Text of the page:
United Stales )Department of Agrirc;ulture,
BUREAU OF PLANT INDUSTRY-Circular No. 38.
B. 1% GALLOWAY. Chief Of BureI P
EIRk(I' Ik\N (A IR0.\V1, RI Si" N T I "! I
AM EII(CA. ||'\ ^'
i ) PE I. EY S'- .\A I)U(ING,
/',' ,,'..* .t, Of ficc of h( i rt iys H iIt vs,. iln Forest I ,
ID I);-, tile past decade an intelligent appreciaitinoi of forestry mueth-
ods hlas been developed in this country. This ihas produced in the
Northeastern and North-Central St:tes an 1 ), .1 -ii._'ly insistent demand
for .\ iiii, trees suitable for th purpose 'es o)f reforestation at a reasonable
price. A 1.01_'C import trade lias therefore developed. The white pine
(Pitnus srobuls L.) has been the principal timber tree of the section
above mentioned, and very InatuIrally it hias bec('ome thle pril iip.1 species
used in reforestation. I ence, the im port trade is largely concerned with
this single -I, i, -, and white-pine trees are now coinii ,, into the country
at the rate of several millions a :.,.ir. ThIis is t.,lii,._ place with abso-
lutely no inspection 1.-21.1 itions other than local ones, which are utterly
inadequate to deal with the problem.
American plant, llil..,-t- have been anticilathi- tle introduction
of the Er,,i ,i blister rust (l' P rid rnitm shtroti Klebahn) on tlie white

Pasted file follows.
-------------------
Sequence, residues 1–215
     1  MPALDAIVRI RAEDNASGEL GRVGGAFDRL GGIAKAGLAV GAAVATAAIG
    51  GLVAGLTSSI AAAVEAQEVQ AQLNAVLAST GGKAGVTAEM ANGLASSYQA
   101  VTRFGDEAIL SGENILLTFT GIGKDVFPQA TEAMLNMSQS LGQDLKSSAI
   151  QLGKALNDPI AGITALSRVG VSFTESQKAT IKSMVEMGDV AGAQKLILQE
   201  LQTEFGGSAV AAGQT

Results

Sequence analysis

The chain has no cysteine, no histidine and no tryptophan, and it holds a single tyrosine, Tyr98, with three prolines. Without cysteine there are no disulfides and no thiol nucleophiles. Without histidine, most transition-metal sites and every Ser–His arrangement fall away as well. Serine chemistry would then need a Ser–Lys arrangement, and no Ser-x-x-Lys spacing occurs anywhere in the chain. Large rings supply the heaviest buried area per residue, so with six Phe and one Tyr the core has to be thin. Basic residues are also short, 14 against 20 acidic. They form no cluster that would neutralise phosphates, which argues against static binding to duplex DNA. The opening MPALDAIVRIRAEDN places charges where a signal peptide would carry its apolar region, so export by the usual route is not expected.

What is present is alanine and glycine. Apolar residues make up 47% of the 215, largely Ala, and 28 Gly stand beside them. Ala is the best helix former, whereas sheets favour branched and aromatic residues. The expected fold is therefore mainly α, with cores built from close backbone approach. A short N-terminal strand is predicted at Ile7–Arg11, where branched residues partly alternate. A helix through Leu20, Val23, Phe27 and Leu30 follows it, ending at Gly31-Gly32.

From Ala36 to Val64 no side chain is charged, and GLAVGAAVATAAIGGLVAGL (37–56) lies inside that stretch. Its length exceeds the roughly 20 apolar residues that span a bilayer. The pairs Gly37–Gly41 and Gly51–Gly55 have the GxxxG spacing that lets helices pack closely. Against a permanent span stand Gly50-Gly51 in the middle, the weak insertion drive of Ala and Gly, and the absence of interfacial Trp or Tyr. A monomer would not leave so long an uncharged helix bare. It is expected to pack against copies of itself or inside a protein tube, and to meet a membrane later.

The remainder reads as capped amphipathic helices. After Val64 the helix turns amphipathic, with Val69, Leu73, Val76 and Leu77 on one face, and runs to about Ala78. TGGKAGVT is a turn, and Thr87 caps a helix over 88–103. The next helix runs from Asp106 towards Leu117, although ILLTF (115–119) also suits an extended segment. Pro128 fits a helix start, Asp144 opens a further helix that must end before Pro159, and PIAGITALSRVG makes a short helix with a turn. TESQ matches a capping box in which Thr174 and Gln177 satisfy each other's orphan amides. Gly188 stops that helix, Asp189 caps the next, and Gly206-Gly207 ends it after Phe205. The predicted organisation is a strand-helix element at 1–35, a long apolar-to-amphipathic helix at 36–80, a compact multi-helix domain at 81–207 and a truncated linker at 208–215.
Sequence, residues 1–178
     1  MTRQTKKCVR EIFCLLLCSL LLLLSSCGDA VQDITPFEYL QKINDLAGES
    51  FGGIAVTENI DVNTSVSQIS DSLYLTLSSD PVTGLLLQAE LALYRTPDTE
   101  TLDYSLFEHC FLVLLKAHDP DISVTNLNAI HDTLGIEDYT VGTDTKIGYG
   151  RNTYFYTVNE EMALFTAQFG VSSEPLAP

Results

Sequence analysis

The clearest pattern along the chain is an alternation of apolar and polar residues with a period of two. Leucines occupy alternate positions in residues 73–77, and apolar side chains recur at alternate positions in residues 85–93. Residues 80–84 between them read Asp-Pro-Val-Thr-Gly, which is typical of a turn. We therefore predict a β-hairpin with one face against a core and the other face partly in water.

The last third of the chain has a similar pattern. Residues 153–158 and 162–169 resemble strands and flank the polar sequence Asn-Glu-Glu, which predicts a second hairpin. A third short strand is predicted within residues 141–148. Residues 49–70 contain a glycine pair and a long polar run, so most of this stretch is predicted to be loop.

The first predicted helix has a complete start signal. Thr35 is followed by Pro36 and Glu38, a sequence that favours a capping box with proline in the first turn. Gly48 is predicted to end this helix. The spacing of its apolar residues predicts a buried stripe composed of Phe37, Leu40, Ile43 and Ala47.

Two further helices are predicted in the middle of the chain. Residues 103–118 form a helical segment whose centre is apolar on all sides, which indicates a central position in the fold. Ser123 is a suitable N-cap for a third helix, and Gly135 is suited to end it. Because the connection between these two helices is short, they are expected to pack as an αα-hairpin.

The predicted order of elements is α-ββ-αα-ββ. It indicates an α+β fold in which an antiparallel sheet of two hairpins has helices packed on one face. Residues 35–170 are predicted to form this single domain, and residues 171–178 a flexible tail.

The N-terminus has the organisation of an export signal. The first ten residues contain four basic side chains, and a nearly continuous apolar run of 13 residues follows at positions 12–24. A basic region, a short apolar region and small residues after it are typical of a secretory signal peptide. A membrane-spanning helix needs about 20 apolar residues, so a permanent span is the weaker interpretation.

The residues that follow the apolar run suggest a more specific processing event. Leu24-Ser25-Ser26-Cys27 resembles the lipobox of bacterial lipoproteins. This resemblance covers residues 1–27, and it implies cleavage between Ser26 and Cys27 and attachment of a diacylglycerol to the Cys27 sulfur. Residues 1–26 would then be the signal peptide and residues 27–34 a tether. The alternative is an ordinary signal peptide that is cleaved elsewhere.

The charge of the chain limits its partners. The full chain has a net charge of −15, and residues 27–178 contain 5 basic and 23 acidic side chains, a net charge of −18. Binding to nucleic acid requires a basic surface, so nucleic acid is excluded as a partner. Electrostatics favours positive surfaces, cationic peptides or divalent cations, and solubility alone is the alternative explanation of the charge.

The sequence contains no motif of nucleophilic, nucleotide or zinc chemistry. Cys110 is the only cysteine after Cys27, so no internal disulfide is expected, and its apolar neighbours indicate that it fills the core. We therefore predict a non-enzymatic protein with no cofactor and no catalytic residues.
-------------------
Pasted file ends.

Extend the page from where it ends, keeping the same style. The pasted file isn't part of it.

On June 5, 190i)), Mr. C. I. l'ettis, New York State lForester, asked
the writer to examine some three-year-old -, lliii' which were imported
this -1ri), from (Germany. No fruiltw bodies were found present ()on
these trees; but a foreman who had planted others of the same lot
observed that s()me were al)pparently diseased and gave so good a
description that the writer was convinced that 1"' ridlcrmu i lit .strobi
had actually been imported on tlhe trees. A personal ('examination onil
.June S of somle thr, 'v-,k .i-old trees which had been imported in 19(i,
resulted in the discovery of fruit ii2 bodies of the l'' ii-,u- Further
search has shown that the disease is present, so far as now known,
only in trees from J. Hleins S;ine, of ialstenbhek. (ermianv. Fur-
ti ih it lias thus far lIeien found only in tr('ees which are now
I ii. :t."'l
EUROPEAN CURRANT RUST ON WHITE PINE.
three years old, i. e., of the .-...liii: of 1906. But trees from this
nursery have been distributed throughout the Northeastern States and
Ontario. Trees of the same age from other European nurseries have
been examined, but none of the disease has yet been found in them.
It is apparent, then, that a very severe and general infection of the white-
pine -',:-1iijs took place in this nursery in the year 1907. This con-
clusion results from the two facts (1) that the fruiting bodies are situ-
ated on the wood formed in the second year and (2) that the fungus is
known to incubate for at least a full year on white pine before fruiting.
Because of the general distribution of the disease in Europe all imported
white-pine trees must be under suspicion until proved free of this fungus.
LIFE HISTORY OF THE FUNGUS.
The fungus PIeridermirnm strobi Klebahn was at first thought to be a
distinct species, but has 1-1qii niitl.N been proved to be one stage of
the blister rust of currants and gooseberries known as Cronartium
ribicola Fisch. de Waldh.a
The life history of the fungus is as follows: Spores from an infested